Reasonable people can disagree about the perfect blend of stocks and bonds, but for anyone on the verge of retiring or a few years into retirement, something in the neighborhood of 55% stocks and 45% bonds is more appropriate. As long as you have a suitable stock-bond mix, the key question you should be asking yourself is this: Given the value of your 401(k) today, can you still draw enough to live comfortably for 30 or more years?
A financial planner should be able to help with that analysis, or you can do it on your own with an online tool like the Retirement Income Calculator in the Investment Guidance and Tools section at troweprice.com. You plug in your planned retirement date and key financial information such as your projected living expenses, your savings and investments and how much you'll get from Social Security and a pension. The tool will then project how much income you can reasonably count on and how that compares with what you'll need.
If you find you have enough, great. But if you come up short - and I suspect many people will - you'll have to make some changes. One option is to work a couple extra years. That would enable you to save more, give your portfolio a chance to recover and pad your eventual payout from Social Security. Each year you delay taking benefits beyond age 62, you can boost your payout by about 8%. For a look at what you can expect, go to ssa.gov/estimator.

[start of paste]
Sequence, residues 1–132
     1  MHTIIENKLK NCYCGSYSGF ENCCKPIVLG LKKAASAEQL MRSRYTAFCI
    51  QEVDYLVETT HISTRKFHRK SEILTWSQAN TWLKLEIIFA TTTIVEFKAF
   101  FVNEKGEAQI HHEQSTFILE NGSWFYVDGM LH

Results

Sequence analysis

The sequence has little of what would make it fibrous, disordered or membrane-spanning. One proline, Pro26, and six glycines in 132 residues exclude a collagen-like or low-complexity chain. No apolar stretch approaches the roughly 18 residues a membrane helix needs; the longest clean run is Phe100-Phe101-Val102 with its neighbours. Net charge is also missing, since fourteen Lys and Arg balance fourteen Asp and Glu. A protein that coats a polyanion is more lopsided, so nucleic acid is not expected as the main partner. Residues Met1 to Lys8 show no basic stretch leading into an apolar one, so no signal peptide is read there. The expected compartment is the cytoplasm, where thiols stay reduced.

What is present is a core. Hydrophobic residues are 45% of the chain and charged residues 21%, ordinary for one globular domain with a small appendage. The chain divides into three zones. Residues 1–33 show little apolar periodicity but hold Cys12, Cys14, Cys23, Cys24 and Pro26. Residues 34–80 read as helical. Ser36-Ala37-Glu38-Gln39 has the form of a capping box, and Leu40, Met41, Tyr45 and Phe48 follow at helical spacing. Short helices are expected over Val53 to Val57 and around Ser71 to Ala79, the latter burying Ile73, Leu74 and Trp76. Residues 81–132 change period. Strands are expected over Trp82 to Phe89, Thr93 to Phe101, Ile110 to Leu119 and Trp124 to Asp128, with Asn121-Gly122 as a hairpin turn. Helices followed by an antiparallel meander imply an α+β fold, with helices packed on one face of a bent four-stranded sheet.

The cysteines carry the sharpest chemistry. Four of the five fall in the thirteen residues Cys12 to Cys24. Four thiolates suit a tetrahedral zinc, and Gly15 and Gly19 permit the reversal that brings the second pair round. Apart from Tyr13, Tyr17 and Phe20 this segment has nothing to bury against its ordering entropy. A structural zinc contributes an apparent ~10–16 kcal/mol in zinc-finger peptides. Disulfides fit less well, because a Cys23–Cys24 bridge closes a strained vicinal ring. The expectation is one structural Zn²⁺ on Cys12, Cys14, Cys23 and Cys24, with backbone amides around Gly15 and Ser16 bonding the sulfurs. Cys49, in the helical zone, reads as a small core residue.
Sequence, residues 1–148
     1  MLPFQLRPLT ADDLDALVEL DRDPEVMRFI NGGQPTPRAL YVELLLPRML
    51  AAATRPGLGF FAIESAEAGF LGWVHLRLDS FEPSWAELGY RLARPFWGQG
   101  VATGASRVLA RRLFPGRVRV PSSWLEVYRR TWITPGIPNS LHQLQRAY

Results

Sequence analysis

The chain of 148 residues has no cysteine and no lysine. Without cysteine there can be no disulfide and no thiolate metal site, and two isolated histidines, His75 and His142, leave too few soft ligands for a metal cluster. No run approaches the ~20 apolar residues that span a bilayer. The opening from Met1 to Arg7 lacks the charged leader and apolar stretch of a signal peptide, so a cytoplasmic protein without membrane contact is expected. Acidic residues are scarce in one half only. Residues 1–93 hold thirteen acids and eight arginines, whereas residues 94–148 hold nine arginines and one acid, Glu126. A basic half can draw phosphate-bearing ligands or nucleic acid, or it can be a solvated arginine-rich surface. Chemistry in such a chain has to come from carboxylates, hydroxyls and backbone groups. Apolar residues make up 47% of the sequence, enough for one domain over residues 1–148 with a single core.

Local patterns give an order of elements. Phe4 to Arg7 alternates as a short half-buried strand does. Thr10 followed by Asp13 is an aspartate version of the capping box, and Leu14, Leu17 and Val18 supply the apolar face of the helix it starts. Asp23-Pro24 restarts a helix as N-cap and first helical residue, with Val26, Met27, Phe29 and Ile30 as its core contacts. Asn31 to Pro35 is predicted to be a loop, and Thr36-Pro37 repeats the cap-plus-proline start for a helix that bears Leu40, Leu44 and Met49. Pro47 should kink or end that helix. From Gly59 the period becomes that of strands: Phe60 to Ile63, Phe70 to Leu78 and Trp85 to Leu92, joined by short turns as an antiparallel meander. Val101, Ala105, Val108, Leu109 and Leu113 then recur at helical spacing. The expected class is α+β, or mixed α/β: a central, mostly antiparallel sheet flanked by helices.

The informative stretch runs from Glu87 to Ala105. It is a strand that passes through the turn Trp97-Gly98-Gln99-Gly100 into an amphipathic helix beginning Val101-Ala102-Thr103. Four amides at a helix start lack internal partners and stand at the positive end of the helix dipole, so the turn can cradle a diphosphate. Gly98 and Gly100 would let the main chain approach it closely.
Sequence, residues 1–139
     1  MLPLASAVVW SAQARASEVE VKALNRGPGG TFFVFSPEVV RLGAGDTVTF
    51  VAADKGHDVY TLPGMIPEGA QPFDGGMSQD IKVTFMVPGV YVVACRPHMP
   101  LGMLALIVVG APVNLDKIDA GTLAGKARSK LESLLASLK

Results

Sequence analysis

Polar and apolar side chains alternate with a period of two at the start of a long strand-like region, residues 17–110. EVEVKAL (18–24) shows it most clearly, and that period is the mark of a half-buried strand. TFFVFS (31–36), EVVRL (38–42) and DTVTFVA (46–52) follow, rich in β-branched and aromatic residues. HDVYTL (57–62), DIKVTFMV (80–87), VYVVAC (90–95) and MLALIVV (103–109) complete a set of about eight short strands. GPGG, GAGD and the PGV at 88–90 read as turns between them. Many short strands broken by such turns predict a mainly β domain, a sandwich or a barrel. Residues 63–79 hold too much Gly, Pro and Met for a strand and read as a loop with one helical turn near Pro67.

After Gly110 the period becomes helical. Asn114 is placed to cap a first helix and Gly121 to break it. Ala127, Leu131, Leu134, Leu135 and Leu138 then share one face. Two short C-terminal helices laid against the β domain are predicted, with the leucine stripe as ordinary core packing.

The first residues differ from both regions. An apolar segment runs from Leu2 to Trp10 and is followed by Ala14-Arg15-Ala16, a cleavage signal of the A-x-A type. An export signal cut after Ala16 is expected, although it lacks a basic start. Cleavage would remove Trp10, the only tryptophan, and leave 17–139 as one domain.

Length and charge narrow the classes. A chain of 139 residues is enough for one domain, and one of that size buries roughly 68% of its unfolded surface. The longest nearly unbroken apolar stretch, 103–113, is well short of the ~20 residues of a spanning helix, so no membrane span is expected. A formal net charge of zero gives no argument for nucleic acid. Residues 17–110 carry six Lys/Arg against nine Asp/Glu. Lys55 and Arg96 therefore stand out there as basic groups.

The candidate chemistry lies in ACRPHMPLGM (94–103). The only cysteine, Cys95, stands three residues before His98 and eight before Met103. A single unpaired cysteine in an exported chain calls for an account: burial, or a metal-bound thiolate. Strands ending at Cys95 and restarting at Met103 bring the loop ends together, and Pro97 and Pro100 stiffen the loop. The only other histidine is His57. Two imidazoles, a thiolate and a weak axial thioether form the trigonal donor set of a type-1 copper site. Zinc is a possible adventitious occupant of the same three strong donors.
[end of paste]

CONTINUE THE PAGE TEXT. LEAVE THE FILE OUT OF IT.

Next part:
Working longer may not be an option, of course, once you've retired and have already begun taking withdrawals from your retirement accounts. If your 401(k) has taken a big hit early in your retirement, the odds that your money will last 30 years have plummeted.
In that case, you may want to cut back your spending so that your savings well doesn't run dry. After all, what could be more disconcerting than to realize that you're in good enough shape to go another 10 or 20 years but that your portfolio is only healthy enough to make it another five?
Q. I have $100,000 in an annuity with AIG that my mom and I depend on. Should I cash it out even though I would suffer a loss? --Kitty Schwartz, Plano, Texas
A. Most people buy an annuity at least in part because they see it as a refuge from market tumult. But that faith has been tested as the government has stepped in to cover the debts of AIG, the nation's largest insurer. I have been flooded with questions about annuity safety. I would love to be able to offer a simple reassurance. But annuities are too complicated for that. Instead, here's what you need to know.